A version of this essay was originally published at Tech.pinions, a website dedicated to informed opinions, insight and perspective on the tech industry.
A couple of weeks ago, I wrote about the increasingly self-reinforcing dominance of a group of very large companies in the tech industry. Those companies — Apple, Alphabet, Facebook, Microsoft, etc. — have made it all but impossible for smaller companies to break into the industry, to grow and to build sustainable businesses without being either wiped out or acquired in the process by the industry’s giants.
However, though as a general rule all of that is true, there are some exceptions out there in the form of a handful of small but successful companies that have somehow managed to survive surrounded by much larger competitors. It’s worth looking at some of them and how they’ve achieved what they have, to see if there are lessons for others.
Anker: Compete where others don’t want to
Anker is the company that made me want to write this piece. It was in the news last week when it launched an Amazon Echo competitor based on Alexa, just the latest in a fascinating series of consumer electronics products that started with batteries and went on from there. The Verge did a great profile on the company and its history, which is well worth a read if you’re interested. The key to Anker’s success seems to have been a narrow focus on competing in areas where the big players really didn’t want to. That began with accessories like batteries — first, replacement batteries and then external batteries for smartphones — a place where the big companies either didn’t want to play at all or wanted to offer products at margins that provided a nice price umbrella under which companies like Anker could compete.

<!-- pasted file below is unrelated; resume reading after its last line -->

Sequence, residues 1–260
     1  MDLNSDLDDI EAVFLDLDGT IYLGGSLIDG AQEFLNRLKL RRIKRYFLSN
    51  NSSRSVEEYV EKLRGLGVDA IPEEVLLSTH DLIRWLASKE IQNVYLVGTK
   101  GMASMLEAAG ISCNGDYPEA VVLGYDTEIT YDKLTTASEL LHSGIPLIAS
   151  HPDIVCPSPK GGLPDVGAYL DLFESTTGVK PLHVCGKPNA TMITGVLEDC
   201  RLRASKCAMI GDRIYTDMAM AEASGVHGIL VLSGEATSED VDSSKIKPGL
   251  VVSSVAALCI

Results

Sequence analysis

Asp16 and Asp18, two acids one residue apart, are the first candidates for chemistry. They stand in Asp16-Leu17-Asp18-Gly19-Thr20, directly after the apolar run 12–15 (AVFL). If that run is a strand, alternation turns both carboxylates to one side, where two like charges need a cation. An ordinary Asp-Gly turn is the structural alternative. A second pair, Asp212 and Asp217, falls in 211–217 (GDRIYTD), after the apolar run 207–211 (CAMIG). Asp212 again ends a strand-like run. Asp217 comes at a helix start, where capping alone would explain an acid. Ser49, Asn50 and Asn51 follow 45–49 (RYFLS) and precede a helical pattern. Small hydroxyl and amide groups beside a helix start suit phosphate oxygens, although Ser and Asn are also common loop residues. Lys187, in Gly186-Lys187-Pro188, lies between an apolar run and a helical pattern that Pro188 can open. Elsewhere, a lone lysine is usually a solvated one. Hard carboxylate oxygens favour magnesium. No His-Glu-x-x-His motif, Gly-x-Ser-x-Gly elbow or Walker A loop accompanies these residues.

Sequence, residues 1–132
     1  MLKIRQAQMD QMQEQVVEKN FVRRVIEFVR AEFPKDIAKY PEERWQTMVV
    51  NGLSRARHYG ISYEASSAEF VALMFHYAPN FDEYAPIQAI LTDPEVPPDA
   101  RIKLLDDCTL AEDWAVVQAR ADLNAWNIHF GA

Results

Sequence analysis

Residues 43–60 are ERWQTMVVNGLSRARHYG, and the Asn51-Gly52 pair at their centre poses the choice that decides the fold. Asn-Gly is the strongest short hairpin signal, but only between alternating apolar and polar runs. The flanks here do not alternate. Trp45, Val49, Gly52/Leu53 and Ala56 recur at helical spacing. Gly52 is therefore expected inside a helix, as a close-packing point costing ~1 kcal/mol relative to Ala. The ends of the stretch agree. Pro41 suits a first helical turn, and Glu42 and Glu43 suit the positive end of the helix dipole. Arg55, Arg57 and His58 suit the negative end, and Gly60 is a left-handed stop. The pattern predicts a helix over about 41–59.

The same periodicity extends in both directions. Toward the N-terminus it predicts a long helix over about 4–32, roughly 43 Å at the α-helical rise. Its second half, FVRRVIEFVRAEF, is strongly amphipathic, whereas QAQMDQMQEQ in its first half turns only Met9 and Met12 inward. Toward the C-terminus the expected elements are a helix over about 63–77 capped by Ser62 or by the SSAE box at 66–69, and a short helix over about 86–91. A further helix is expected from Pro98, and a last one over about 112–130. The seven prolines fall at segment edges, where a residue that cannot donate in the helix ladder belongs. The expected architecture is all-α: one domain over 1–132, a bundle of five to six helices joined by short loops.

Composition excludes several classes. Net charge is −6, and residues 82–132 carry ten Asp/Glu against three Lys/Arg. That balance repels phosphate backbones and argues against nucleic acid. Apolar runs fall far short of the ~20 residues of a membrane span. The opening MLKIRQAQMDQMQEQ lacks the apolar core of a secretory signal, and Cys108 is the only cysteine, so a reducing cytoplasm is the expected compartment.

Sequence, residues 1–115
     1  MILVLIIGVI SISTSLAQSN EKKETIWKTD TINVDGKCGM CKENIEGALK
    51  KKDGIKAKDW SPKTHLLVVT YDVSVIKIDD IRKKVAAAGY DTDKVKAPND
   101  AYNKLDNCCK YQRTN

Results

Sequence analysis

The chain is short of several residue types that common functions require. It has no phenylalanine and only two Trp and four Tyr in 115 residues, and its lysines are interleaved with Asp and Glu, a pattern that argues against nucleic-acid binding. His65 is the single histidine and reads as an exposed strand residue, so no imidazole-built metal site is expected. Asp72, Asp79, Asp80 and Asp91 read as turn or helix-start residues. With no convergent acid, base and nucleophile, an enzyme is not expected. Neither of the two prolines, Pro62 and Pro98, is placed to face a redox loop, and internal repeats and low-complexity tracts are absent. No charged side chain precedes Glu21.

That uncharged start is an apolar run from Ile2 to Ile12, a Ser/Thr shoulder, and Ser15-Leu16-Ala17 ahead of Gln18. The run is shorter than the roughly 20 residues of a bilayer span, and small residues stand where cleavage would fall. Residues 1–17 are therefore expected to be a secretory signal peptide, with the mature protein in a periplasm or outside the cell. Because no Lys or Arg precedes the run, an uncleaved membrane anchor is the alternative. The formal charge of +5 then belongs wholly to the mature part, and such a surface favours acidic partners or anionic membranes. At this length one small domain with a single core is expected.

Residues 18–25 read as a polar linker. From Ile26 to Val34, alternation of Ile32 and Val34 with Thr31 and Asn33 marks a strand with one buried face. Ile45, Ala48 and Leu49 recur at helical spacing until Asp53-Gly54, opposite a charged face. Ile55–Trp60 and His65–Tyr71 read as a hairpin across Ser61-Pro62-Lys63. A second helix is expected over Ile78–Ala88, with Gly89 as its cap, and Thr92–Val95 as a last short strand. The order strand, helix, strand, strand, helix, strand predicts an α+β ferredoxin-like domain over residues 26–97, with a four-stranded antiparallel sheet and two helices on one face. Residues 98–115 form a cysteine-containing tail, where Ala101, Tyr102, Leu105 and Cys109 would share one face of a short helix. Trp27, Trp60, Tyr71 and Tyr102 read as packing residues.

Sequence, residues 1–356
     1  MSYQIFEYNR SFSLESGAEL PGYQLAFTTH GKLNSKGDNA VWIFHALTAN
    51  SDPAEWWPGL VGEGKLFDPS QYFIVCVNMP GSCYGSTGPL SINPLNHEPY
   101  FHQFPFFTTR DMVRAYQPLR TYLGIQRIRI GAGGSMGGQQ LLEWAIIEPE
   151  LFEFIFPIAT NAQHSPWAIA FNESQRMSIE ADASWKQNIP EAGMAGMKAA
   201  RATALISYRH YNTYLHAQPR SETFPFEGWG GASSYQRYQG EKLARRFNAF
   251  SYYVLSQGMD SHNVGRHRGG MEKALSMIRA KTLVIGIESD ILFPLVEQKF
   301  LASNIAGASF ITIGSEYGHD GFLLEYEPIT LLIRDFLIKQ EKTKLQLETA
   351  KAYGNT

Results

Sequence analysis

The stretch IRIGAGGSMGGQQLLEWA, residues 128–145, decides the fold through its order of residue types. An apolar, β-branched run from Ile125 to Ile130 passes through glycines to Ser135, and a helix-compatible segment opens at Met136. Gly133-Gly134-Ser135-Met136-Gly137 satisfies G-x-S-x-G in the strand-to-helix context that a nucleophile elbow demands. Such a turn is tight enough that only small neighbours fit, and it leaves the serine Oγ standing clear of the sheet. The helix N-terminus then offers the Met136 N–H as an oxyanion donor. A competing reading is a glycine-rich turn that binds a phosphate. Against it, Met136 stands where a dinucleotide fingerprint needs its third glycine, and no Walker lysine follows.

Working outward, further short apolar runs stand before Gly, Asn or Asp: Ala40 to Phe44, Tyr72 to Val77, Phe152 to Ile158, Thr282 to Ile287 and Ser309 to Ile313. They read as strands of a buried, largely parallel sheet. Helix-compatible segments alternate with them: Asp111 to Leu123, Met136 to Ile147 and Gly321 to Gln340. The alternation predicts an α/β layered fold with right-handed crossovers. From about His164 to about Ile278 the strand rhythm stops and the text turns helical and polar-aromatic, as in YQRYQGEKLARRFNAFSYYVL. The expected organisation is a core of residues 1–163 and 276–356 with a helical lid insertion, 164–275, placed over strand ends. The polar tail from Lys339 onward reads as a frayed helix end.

But the company has taken that starting point and grown from there, expanding into home automation devices and arguably taking the same quality-plus-affordability approach it took to accessories, with the Echo Dot competitor the latest example of that push. Because it undercuts others on price but has built a reputation for reliability, it occupies a somewhat unique niche between the low-cost no-name brands out of China and the more expensive stuff from the big established brands. There are a few lessons here for others: Compete where the big players don’t want to; build from an innocuous base to compete more directly with the larger companies; and, lastly, don’t forget that brands don’t all have to be built at the high end.